Double factorial and primorial

bodrato at bodrato at
Mon Dec 19 18:47:47 CET 2011


Il Lun, 19 Dicembre 2011 10:14 am, Niels Möller ha scritto:
> bodrato at writes:

> Since the established name is "double factorial", I think one should
> use some reasonable abbreviation of that term. _dblfac_ seems good
> enough to me, if _double_fac_ is too long.

Finally I tested times for _dblfac_:
 - time needed to compute (2n)!! equals time needed for n!, as expected, -
computing (2n+1)!! require 50% more time.

> I don't know how to compute
> log(promordial(n)), but I imagine it will also be pretty large.

I read from :
"the primorial x# is asymptotically equal to exp((1+o(1))x)"

On I tested n=805306366
 time(n!)   log2(n!)   time(n#)  log2(n#)  time(n!!)  log2(n!!)  t(n+1!!)
2.5*10^12  2.2*10^10  2.5*10^11  1.1*10^9  1.1*10^12  1.1*10^10  1.7*10^12

> But for computing the *number* of primes up to, output size is no issue.


> Hence, the comparison with factoring, 64 bit numbers seem easy.
> Counting the number of primes up to 2^64 may well be a lot harder.
> Maybe there's no better way to compute the number of primes than to
> use the sieve of Erathostenes' to generate them all?

An asymptotically faster sieve than Erathosteses' exists, but I do not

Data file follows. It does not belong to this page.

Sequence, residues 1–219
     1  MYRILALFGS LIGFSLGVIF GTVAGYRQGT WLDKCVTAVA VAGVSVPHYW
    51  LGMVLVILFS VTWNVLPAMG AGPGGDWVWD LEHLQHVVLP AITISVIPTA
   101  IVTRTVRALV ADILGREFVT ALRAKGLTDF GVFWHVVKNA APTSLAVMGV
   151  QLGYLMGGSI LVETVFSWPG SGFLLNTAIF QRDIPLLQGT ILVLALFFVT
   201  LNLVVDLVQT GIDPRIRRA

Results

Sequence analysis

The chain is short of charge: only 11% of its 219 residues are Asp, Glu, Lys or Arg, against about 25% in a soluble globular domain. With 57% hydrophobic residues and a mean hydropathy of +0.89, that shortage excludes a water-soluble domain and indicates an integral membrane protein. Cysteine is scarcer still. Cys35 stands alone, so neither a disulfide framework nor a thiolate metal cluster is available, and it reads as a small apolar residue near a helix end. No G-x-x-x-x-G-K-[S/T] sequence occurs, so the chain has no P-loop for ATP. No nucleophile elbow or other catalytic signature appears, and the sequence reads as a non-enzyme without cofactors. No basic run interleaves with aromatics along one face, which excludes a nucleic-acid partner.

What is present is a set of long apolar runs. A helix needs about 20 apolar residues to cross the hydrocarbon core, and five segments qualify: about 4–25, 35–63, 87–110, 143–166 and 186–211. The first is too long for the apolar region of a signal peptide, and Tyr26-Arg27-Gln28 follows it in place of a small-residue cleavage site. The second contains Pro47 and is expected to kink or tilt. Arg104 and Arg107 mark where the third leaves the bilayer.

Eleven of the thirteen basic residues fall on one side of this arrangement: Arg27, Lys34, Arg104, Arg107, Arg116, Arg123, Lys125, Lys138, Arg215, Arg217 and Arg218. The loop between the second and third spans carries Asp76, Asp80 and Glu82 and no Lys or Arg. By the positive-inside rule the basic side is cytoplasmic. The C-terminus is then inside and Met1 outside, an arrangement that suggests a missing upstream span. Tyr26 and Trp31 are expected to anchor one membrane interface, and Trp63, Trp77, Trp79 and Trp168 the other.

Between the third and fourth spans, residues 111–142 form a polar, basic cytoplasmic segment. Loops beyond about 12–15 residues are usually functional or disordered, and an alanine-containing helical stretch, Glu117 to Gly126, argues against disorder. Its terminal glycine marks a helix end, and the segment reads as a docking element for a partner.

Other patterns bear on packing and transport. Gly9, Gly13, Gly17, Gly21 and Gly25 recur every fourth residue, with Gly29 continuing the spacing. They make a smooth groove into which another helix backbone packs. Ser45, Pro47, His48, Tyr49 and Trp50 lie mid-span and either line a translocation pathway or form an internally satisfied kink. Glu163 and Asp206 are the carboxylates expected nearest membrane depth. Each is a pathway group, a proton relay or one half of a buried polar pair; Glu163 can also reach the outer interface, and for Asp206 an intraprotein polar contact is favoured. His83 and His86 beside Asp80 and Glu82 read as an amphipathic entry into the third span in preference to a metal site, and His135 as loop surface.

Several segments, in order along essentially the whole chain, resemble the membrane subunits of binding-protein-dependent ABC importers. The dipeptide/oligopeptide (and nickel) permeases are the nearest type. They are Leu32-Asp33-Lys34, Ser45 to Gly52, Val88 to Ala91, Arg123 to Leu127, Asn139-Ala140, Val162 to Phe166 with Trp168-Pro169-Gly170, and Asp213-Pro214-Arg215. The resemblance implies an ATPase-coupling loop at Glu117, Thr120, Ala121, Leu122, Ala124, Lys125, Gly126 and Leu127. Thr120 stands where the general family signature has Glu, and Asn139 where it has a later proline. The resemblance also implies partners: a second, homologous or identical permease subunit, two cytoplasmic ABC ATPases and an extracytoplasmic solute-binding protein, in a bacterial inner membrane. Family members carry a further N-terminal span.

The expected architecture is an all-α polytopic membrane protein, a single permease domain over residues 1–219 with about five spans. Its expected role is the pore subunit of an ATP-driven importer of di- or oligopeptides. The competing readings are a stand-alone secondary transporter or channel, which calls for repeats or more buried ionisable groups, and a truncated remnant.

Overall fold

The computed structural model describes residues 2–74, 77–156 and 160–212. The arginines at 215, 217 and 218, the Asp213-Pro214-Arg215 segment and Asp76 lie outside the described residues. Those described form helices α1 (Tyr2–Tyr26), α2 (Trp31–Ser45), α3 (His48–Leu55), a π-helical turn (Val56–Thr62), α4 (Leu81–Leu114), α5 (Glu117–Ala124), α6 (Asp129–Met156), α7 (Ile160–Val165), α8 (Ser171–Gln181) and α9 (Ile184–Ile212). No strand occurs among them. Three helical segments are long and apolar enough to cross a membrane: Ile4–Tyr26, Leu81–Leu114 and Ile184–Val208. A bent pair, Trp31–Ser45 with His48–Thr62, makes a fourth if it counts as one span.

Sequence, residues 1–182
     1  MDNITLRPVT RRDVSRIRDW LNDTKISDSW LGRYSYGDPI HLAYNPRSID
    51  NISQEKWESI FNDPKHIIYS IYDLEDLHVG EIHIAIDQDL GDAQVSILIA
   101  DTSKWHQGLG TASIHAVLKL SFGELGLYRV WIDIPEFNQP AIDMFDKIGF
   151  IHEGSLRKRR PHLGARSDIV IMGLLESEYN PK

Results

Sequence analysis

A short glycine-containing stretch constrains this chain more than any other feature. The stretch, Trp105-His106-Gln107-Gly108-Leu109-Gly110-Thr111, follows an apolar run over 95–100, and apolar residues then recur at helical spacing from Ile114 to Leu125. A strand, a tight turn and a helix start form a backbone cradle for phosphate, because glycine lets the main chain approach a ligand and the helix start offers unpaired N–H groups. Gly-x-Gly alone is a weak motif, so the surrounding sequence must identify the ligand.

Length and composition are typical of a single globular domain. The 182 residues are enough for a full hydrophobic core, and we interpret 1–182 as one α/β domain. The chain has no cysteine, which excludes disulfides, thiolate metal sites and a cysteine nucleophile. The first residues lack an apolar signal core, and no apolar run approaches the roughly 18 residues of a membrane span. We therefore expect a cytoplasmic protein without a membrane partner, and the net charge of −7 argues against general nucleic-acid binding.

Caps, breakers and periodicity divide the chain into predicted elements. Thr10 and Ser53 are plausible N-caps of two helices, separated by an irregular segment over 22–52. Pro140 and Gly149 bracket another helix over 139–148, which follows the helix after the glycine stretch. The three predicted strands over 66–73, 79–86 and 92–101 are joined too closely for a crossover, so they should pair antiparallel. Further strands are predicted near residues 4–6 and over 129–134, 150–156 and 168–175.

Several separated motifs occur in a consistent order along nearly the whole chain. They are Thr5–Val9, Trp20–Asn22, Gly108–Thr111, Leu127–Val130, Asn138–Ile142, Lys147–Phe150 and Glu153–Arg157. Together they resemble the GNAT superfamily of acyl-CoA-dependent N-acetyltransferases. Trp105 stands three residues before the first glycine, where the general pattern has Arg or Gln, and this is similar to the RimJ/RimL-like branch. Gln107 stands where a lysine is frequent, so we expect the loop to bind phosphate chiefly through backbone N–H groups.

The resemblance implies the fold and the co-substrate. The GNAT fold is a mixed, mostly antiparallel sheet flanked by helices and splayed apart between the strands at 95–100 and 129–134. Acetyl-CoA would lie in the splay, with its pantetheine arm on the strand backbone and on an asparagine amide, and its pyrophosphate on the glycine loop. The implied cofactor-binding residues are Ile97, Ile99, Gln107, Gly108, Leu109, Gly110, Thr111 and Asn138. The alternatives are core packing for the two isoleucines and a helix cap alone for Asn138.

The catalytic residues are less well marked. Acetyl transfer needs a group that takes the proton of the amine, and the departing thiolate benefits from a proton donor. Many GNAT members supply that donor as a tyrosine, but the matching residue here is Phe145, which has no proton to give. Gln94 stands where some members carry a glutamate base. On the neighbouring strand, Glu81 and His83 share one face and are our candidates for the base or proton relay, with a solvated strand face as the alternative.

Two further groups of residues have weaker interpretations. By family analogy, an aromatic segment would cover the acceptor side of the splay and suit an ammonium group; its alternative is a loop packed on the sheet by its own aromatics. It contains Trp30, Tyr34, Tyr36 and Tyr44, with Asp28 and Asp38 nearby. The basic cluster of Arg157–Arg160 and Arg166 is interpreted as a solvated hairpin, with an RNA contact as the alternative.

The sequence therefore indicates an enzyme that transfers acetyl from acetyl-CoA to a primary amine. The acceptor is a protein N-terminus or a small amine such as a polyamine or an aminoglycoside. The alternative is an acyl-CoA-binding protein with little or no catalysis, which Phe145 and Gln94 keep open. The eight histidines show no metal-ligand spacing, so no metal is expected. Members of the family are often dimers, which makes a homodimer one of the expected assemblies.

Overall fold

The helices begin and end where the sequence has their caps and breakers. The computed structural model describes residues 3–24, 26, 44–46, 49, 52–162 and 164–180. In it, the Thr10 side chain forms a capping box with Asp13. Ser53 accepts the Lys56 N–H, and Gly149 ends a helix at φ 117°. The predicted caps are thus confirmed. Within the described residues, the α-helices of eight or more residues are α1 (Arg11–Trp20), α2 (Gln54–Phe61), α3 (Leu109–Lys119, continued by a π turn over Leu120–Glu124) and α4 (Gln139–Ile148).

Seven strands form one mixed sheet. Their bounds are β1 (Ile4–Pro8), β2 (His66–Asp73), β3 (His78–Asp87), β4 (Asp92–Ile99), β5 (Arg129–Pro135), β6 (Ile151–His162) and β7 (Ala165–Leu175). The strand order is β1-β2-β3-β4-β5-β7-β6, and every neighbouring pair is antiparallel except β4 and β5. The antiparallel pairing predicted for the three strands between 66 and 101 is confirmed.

know if it is worth implementing it; as it is O(N/loglogN) compared to

To have the exact count, I believe the only way is generating all primes
(except, of course, tabulating values for 2^i, then generating only the
primes in the shorter interval: ]2^i,n] or ]n,2^(i+1)[.)

In fac_ui.c there already is a function for sieving: bitwise_primesieve.
It fills an mp_ptr "with the characteristic function of composite"s, and
it returns the count of "prime integers in the interval [4, n]". This
means that the following function can count primes in [1, n] (with n>4).

unsigned long primes_up_to_n (unsigned long n)
  mp_limb_t *sieve;
  unsigned long result;

  ASSERT (n > 4);
  sieve = TMP_ALLOC_LIMBS (primesieve_size (n));
  result = bitwise_primesieve (sieve, n);

  return result + 2;

Timing on with n=2^34:
n           time        result
17179869184 1.3*10^11   762939111

The time is measured in cycles, you can compare this value with the value
for primorial... counting the primes in [1,2^34] required half the time of
(sieving and) multiplying all primes in [1,3*2^28].

I hope the result is correct :-)



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